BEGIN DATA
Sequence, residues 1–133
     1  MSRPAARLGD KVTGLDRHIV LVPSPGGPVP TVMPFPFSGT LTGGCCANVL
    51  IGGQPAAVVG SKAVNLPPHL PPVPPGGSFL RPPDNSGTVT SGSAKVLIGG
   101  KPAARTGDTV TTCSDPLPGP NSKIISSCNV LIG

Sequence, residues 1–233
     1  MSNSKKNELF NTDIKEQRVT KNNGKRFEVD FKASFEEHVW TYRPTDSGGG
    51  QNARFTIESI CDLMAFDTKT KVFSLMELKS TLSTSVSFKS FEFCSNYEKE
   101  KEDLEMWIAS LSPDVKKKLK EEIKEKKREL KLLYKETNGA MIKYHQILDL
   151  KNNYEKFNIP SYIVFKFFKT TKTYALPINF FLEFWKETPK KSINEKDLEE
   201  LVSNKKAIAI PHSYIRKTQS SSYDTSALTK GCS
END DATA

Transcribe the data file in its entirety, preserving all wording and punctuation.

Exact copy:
Sequence, residues 1–133
     1  MSRPAARLGD KVTGLDRHIV LVPSPGGPVP TVMPFPFSGT LTGGCCANVL
    51  IGGQPAAVVG SKAVNLPPHL PPVPPGGSFL RPPDNSGTVT SGSAKVLIGG
   101  KPAARTGDTV TTCSDPLPGP NSKIISSCNV LIG

Sequence, residues 1–233
     1  MSNSKKNELF NTDIKEQRVT KNNGKRFEVD FKASFEEHVW TYRPTDSGGG
    51  QNARFTIESI CDLMAFDTKT KVFSLMELKS TLSTSVSFKS FEFCSNYEKE
   101  KEDLEMWIAS LSPDVKKKLK EEIKEKKREL KLLYKETNGA MIKYHQILDL
   151  KNNYEKFNIP SYIVFKFFKT TKTYALPINF FLEFWKETPK KSINEKDLEE
   201  LVSNKKAIAI PHSYIRKTQS SSYDTSALTK GCS